Mobile Games Revue: BADLAND

fly, tiny bird!
fly, tiny bird…thing.

It’s time for week 4 of the Mobile Games Revue! Last week we talked about KAMI, an Asian papercraft-inspired puzzle game. This week, we’re going to take a departure from the relatively calm, casual mobile games to delve into Badland, an award-winning action game from Finnish developer Frogmind Games.

Badland is a side-scrolling action/puzzle game wherein the player takes on the role of a fat little flying object. Is it a bird? A dust mite of some kind? Who knows. The point is, you’re round and you have about the same amount of grace and poise as a drunk man trying out stiletto heels for the first time.

The controls literally could not be simpler: press the screen to ascend, lift your finger to let gravity do its thing. What on paper seems exceptionally easy, however, is a bit harder in practice. While precision is something that can eventually be mastered, you can expect to hear the game’s charming “bonk” noises a lot. The general goal is to get from one end of the long, rectangular levels to the other. Once you start flying, the world begins to scroll, so all you have to do is not get stuck on anything. In the beginning, anyway. As the levels progress, there are more and more gameplay elements to utilize. Sometimes these are “clones” – your character touches an item which releases a specific number of copies of you, which you now control all of (like a hivemind). These clones, including the original birdthing, are disposable: as long as at least one of it makes it to the end of the level, you win. There are, of course, achievements for saving as many clones as possible. Other aspects added as you progress are items that speed you up, slow you down, make you bigger or smaller, or make you spin in certain directions. Later levels also introduce more dangers: blades, saws, crushing rocks, and general mayhem.

Each level is its own challenge, and they gradually increase in difficulty the farther in you go. One major point in favor of the game is the fact that there are multiple checkpoints throughout each level, and restarting from failure is a quick and painless experience. You die, and the game immediately places you back at the next checkpoint – and the level doesn’t start back up until you touch the screen again. It’s a great way to get past a screw-up without losing your groove. There is also an option that allows you to skip to the next checkpoint if you’re absolutely stuck – which doesn’t cost anything except your self-esteem.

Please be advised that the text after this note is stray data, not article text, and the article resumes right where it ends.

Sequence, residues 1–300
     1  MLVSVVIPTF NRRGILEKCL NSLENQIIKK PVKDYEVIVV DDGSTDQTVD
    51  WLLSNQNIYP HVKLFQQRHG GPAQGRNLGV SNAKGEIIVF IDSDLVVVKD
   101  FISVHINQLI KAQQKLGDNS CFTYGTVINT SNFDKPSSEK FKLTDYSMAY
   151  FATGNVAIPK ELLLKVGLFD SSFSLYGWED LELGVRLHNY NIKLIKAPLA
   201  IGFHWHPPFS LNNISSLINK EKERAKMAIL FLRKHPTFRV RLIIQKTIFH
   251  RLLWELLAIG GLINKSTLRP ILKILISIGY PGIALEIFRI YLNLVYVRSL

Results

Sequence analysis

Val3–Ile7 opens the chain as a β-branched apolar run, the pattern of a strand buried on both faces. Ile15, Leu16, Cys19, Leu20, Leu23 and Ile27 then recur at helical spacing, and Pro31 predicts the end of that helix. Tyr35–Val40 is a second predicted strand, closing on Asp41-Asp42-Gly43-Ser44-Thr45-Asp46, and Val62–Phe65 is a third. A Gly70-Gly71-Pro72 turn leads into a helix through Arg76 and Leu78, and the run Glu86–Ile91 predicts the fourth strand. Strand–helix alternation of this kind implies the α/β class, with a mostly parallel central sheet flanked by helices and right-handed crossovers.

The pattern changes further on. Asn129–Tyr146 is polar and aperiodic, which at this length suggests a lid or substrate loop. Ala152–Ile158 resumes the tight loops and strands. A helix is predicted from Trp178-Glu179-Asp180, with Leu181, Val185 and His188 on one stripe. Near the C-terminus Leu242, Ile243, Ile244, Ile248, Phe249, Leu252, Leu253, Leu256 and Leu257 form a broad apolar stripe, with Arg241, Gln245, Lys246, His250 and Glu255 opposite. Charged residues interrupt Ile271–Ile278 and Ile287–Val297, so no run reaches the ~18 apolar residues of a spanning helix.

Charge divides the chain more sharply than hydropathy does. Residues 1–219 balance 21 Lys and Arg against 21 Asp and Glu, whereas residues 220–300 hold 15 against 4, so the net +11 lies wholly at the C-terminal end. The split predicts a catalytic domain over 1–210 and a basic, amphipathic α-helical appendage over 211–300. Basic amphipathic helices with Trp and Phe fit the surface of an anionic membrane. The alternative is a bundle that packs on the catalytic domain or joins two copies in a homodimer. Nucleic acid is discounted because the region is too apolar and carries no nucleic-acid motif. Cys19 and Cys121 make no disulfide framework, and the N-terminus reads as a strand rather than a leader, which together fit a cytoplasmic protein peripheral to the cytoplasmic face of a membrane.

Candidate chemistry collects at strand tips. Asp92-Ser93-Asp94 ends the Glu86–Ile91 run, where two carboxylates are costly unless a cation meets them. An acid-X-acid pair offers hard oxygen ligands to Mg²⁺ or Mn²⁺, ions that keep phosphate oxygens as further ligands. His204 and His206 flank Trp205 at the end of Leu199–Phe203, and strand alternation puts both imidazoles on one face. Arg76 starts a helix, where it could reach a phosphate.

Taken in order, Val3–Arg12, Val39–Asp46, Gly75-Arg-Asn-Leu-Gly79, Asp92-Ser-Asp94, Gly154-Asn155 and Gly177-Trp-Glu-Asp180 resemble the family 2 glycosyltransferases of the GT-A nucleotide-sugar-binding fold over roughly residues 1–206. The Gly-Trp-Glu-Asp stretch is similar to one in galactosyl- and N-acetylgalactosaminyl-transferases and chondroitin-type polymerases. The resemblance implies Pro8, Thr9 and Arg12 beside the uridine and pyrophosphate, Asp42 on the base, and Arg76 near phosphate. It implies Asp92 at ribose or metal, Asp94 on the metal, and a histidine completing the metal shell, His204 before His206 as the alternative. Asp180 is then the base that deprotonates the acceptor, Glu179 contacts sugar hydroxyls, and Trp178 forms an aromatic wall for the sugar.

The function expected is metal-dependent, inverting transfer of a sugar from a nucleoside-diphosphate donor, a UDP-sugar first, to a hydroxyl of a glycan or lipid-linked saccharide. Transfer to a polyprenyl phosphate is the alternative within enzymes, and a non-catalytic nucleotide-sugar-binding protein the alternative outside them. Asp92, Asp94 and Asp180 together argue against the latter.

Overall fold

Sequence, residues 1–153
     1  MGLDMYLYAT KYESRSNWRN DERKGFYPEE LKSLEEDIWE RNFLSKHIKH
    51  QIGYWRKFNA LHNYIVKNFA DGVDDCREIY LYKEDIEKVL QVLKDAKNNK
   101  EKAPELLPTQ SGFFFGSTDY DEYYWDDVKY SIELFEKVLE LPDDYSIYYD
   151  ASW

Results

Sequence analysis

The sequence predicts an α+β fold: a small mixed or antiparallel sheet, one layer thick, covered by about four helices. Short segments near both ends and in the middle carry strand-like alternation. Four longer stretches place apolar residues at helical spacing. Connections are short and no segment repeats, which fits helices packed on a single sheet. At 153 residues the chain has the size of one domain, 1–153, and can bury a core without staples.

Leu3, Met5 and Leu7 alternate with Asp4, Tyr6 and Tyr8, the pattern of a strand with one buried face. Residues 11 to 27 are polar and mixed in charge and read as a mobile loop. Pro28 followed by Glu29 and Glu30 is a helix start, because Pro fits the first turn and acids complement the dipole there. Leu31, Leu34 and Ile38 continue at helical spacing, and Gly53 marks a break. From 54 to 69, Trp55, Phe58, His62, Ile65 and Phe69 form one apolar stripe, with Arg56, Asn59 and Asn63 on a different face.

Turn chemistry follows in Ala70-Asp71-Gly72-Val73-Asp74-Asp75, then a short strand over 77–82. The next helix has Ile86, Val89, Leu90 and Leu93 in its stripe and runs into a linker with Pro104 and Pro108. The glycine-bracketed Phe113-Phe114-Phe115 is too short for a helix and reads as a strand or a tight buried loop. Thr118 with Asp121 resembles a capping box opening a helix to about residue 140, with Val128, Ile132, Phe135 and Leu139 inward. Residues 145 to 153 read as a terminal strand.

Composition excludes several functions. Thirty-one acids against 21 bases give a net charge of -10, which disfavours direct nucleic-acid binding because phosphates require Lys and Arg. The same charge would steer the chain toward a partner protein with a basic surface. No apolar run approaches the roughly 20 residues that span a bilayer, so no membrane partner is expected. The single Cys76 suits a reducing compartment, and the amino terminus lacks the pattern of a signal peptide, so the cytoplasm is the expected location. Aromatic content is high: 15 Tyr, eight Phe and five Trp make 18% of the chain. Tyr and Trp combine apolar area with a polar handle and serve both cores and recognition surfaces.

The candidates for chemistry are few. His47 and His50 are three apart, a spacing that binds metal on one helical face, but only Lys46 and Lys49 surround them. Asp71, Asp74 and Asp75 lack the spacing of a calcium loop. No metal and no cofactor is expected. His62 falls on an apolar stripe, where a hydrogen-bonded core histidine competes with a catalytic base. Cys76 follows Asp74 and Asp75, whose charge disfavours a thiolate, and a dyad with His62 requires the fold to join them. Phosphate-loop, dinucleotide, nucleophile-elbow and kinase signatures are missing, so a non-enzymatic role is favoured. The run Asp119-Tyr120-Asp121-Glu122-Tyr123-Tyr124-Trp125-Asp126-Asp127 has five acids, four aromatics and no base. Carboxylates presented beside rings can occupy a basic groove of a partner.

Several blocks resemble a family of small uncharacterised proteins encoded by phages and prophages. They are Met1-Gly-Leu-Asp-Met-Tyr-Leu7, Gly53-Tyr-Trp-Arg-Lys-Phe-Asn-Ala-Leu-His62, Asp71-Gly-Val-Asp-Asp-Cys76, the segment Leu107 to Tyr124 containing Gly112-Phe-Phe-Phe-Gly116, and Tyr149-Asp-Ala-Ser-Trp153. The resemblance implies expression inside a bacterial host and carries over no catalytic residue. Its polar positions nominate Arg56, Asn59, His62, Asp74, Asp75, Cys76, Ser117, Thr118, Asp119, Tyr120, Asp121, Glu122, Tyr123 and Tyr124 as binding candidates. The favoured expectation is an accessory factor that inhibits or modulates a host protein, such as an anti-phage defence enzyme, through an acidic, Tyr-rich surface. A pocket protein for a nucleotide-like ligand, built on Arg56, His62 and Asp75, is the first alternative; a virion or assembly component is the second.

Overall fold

clones heading toward a clone bundle and a speed boost
clones heading toward a clone bundle and a speed boost

There are a lot of things that make Badland a good game. The black silhouetted graphics against detailed backgrounds (dotted with oddly ominous bunnies) gives the game a unique visual style. The puzzles are challenging but not impossible to overcome. The soundscape of the game is also exceptional – it’s what originally drew me to the game. I was at a family event, when my sister shows off her new Apple TV by pulling up this game and playing a few levels. I’d been doing something else, but the constant sounds of things falling through pipes finally made me look up. There’s no music in the levels (at least, the ones I’ve played), but there’s a pleasant jungle-y bird chirping track in the background, and in general the sounds in the game are one of the highlights.

that's a lot of UI
that’s a lot of UI

If there is a bad part of the game, it’s that it can be a little overwhelming or confusing. I have no idea how many levels I’ve actually played (each time you complete a level, it fills out a little light in a mysterious black screen), or how well I’m doing. It’s got single player (which consists of a ton of normal levels, plus three extra unlockable level sets) and co-op and versus and a level creator (and community-curated levels to play) and leaderboards and seventy billion achievements and it’s connected to a ton of different social media and…you get the idea. Ultimately, these are good things. They contribute to the life of the game, and for dedicated players, are amazing options. But nevertheless, to casual players or new players, they can be a bit much to take in all at once.

The game does not have microtransactions outside of the game unlock, which costs $3.99 (on Android, at least. Prices may vary for iOS or PC). The game unlock grants access to the extra single player modes, the level creator, and removes ads(which admittedly were relatively non-intrusive even before the purchase). It took me a while to purchase the unlock because, as mentioned, the ads weren’t obnoxious, and you get access to plenty of puzzles even in the free version.

Ultimately it’s been a good experience for me so far, although I feel like I’ve only scratched the surface of what it ultimately has to offer. There’s little wonder that the game has won the awards it has, been ported to as many platforms as it has, and has even spawned a sequel.

 

Is there a mobile game on Android or iOS you’d like to see reviewed? Leave a comment below to let us know!

Katu

Cat lover, guild leader, gamer, consumer of coffee.

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